A spear is a pole weapon consisting of a shaft, usually of wood, with a pointed head. The head may be simply the sharpened end of the shaft itself, as is the case with fire hardened spears, or it may be made of a more durable material fastened to the shaft, such as bone, flint, obsidian, iron, steel, or bronze. The most common design for hunting or combat spears since ancient times has incorporated a metal spearhead shaped like a triangle, lozenge, or leaf. The heads of fishing spears usually feature barbs or serrated edges.
A tachi (太刀) was a type of traditionally made Japanese sword (nihonto) worn by the samurai class of feudal Japan. Tachi and katana generally differ in length, degree of curvature, and how they were worn when sheathed, the latter depending on the location of the mei, or signature, on the tang. The tachi style of swords preceded the development of the katana, which was not mentioned by name until near the end of the twelfth century. Tachi were the mainstream Japanese swords of the Kotō period between 900 and 1596. Even after the Muromachi period (1336–1573), when katana became the mainstream, tachi were often worn by high-ranking samurai.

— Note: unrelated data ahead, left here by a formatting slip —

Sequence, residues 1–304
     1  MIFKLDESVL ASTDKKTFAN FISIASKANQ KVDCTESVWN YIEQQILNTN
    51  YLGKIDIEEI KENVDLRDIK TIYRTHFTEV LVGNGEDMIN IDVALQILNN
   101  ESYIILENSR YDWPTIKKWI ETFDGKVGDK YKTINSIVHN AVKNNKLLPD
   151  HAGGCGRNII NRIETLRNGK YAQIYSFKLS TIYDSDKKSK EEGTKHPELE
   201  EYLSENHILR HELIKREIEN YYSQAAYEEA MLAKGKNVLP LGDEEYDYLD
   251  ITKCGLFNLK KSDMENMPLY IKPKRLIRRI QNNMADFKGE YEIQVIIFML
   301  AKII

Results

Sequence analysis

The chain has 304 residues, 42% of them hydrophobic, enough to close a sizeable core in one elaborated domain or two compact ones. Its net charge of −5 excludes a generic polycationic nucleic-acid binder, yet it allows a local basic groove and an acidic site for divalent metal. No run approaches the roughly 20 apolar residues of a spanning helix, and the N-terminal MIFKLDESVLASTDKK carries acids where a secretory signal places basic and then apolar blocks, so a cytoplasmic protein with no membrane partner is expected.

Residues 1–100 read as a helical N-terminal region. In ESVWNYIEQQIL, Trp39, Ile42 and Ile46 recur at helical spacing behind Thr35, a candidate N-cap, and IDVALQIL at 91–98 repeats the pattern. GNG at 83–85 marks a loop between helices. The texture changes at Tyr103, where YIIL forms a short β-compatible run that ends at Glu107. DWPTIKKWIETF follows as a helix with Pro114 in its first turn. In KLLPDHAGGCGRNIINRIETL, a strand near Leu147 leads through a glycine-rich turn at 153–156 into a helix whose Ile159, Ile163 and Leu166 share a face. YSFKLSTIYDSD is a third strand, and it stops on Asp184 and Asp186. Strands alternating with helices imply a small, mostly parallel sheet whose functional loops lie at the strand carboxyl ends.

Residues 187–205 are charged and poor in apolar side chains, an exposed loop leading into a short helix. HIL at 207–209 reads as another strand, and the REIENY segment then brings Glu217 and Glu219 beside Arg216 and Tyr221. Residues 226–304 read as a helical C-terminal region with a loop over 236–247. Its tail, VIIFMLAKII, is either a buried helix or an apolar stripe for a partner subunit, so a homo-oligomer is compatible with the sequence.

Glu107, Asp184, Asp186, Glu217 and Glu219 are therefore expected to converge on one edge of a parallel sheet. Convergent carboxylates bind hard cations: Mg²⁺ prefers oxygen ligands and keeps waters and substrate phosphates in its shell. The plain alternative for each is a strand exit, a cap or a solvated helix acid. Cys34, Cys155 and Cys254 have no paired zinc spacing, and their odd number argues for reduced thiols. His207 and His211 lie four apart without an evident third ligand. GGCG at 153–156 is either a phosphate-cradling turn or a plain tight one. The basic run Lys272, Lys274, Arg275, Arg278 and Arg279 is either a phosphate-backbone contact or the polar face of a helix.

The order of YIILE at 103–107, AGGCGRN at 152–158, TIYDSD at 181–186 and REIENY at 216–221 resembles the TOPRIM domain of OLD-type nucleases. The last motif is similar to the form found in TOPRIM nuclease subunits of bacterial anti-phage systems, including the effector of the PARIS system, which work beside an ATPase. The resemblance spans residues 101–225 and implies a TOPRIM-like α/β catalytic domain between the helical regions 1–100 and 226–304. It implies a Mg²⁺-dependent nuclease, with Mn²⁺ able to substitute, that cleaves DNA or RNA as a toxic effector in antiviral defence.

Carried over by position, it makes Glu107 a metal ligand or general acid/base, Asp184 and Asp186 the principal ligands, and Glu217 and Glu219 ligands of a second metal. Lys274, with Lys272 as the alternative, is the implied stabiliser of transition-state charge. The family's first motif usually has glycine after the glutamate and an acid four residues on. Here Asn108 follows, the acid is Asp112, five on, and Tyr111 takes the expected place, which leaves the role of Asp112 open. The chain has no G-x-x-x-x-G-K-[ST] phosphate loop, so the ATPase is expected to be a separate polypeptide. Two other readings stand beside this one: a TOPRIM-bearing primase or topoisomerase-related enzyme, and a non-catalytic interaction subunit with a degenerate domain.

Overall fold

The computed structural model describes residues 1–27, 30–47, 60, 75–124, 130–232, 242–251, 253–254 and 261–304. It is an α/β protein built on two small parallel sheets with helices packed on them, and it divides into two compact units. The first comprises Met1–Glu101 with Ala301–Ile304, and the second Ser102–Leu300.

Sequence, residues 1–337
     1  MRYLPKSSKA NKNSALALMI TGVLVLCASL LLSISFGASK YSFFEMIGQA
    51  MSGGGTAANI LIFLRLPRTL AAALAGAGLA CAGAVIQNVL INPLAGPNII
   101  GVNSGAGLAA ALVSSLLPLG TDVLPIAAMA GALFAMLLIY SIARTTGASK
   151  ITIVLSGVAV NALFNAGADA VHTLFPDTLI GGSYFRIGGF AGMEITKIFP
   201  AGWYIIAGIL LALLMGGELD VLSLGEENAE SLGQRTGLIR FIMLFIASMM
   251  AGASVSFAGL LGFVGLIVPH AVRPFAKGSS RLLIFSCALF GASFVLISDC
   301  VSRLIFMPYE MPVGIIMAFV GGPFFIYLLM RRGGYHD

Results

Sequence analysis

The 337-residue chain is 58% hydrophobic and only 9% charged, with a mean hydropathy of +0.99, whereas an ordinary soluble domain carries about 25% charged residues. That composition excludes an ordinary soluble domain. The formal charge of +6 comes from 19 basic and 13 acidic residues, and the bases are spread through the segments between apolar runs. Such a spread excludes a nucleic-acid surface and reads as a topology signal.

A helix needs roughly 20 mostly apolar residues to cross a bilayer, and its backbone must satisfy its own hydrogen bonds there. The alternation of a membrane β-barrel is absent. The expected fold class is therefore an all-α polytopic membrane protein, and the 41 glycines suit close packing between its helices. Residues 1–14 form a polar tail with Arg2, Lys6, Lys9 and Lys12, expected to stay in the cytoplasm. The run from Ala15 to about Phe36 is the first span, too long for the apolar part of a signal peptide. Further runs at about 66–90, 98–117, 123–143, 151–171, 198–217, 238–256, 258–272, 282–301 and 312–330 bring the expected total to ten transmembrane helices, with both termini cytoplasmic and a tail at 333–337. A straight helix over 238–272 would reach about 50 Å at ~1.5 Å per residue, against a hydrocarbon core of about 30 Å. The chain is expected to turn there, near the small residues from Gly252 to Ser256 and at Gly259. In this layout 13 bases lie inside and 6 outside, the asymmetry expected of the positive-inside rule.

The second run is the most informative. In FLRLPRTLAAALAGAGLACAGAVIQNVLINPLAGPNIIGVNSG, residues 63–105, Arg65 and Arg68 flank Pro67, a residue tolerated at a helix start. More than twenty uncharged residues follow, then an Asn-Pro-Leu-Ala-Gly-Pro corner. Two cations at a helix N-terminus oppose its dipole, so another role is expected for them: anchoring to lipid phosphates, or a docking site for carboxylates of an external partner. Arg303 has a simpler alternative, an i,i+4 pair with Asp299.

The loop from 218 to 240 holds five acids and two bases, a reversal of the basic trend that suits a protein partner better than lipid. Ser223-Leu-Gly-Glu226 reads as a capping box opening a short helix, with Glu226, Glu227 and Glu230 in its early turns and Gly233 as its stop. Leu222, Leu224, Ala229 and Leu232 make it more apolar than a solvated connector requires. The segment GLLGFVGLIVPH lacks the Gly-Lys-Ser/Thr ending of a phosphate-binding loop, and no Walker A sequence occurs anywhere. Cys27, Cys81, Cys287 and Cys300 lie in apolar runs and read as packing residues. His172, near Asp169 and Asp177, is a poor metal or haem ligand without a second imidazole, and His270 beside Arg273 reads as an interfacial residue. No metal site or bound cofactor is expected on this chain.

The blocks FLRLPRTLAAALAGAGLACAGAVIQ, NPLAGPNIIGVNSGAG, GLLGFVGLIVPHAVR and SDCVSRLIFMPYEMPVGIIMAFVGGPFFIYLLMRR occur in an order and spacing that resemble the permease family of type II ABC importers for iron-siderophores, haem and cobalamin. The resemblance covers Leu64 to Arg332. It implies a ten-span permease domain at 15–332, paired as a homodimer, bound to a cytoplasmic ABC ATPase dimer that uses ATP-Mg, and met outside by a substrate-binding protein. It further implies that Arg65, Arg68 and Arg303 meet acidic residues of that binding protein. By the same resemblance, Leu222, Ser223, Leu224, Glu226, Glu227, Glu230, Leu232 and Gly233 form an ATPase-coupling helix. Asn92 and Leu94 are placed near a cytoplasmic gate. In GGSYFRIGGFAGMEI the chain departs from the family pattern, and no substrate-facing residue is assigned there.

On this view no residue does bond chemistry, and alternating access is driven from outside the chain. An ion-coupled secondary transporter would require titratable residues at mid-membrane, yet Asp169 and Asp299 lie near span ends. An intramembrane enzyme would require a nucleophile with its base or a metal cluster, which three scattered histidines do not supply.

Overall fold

A dragonfly is an insect belonging to the order Odonata, infraorder Anisoptera. Adult dragonflies are characterized by large, multifaceted eyes, two pairs of strong, transparent wings, sometimes with coloured patches, and an elongated body. Dragonflies can be mistaken for the related group, damselflies (Zygoptera), which are similar in structure, though usually lighter in build; however, the wings of most dragonflies are held flat and away from the body, while damselflies hold their wings folded at rest, along or above the abdomen. Dragonflies are agile fliers, while damselflies have a weaker, fluttery flight. Many dragonflies have brilliant iridescent or metallic colours produced by structural colouration, making them conspicuous in flight. An adult dragonfly's compound eyes have nearly 24,000 ommatidia each.